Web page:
A good woman, a good doctor, six good friends, and MAiD

ABOVE: Alma Norman passed away on November 6, 2020

By David B. Brooks

MAiD is the short form of a medical procedure that has recently become legal under Canadian federal law: Medical Assistance in Dying.  It provides for situations in which people are in significant pain or are in some other situation as described in the law, and no longer wish to continue with their lives. Except in extraordinary conditions, it requires the ascent of the person who wishes to die and who is mentally aware and fully cognizant of the nature of death.

This article describes my experience as one of the close friends of a woman who, for reasons described below, asked for MAiD. Her name is Alma Noman, and that is the only name, other than my own, that will be cited in this article. My wife and I have known Alma for almost as long as we have lived in Canada—we immigrated from the United States in 1970 during the Vietnam war—and we are confident in saying that Alma would be delighted if she could know—maybe she does know—that I am writing this article with her as the star. 

Before telling you about Alma, I must apologize to Alma’s daughter and to the five other friends with whom I shared this experience. They all provided enormous support to Alma, and no doubt could have supplemented the information that I have, but I wanted this to tell about my reactions, my sadness, my astonishment.

Alma was born in New York City in 1929 to a woman who was the main breadwinner in the family. As a result, Alma spent much of early life in foster homes. However, she was a bright student and, thanks to scholarships, got a university degree from the University of Vermont. Then, with the goal of getting an MA in history, she enrolled at McGill, in Montréal, where she met Wiley Norman, a young medical student from Jamaica. Once he got his degree, they married and moved to Jamaica.

Alma was always self-directed with a tendency to throw herself into whatever attracted her interest. While a young wife in Jamaica she wrote the first history of Jamaica that was not written from a colonial perspective; it was quickly incorporated into the high school curriculum and remained there for nearly 20 years. Somewhat later, Wiley decided to switch from being a GP to a psychiatrist, and they returned to McGill for his second doctorate, and then they moved to Ottawa, where he established his practice. Not much later, we met Alma operating a small store on Sparks Street—one of the last sections that still had auto traffic—selling artisanal crafts prepared by women. Later I taught her to canoe, which she loved, and then combined canoeing with craftwork by building a canoe out of papier maché. It was not a very successful venture. Yes, it did float, and Alma got her picture in the local paper paddling in the canal, but it was terribly heavy and every scratch let in a bit of water that got inside the coating and made it heavier. In a way, the canoe modelled how Alma tended to operate; she would get right down to work; planning and alternatives could be left until later.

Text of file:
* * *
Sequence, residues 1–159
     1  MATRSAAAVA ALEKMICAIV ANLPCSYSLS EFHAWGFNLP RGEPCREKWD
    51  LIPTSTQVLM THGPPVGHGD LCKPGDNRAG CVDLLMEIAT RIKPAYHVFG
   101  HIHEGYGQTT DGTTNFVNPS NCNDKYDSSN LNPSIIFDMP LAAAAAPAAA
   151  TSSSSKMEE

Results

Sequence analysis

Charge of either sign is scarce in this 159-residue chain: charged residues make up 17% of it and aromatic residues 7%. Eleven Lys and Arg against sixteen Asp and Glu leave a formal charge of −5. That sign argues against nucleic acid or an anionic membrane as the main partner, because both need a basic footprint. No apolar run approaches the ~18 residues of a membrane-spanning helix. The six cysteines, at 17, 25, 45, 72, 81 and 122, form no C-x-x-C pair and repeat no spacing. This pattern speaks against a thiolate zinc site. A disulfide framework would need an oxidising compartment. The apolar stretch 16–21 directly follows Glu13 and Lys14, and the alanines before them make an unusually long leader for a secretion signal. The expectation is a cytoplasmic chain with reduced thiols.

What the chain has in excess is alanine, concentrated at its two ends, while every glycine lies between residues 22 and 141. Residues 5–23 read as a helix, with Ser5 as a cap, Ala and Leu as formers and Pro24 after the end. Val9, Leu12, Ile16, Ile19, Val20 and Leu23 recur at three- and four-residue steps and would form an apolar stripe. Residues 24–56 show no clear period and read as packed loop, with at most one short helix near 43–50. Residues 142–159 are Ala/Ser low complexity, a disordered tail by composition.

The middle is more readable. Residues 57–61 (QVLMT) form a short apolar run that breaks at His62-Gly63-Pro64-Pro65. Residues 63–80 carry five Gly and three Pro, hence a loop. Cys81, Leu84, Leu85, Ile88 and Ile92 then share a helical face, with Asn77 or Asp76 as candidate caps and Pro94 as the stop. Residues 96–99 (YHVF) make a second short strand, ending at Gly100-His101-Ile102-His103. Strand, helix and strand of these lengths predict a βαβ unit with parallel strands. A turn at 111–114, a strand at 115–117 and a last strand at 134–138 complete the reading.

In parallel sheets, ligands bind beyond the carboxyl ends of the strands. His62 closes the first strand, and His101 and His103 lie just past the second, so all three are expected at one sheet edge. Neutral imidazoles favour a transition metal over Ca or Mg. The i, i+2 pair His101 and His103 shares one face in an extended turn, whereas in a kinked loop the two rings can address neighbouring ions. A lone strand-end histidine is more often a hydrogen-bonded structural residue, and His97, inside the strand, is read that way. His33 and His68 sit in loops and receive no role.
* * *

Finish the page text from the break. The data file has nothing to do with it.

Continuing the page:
Was Alma Jewish? Yes, she was, but it takes another story to explain why she had so little knowledge of Judaism. Alma was in her '30s, married and living in Jamaica when she received a telephone message that her mother was dying from cancer. She got there in time to say good-bye, but her mother died shortly after, and, as the only child, Alma was left with the task of going through her mother's papers. To her great surprise, she found then that, despite her Anglo-Saxon surname, she was Jewish on both her mother’s and father’s side. Unhappily, she had no experience of living in Jewish household; happily, a few years later she was living in Ottawa where we met and helped steer her toward a program of learning. After about a dozen years of on-again off-again study and practice, she was one of three women who received an adult bat mitzvah at Temple Israel.

With her general outgoing personality and her love of being wherever the action is, Alma involved herself in many political activities involving women, such as the raging grannies. All went well until the last couple of years. I think that her last big outdoors trip was in the bow of a double kayak (David was of course in the stern) exploring the fjords and ice bergs of Greenland. But all this time she was getting older and losing her eyesight. About two years ago, Wiley, who had retired, developed a form of diabetes that affected his legs. After a while, Alma, who was small in structure, could no longer care for him, and he went to the Bruyere Centre, where he remained until he died in his upper '90s last year.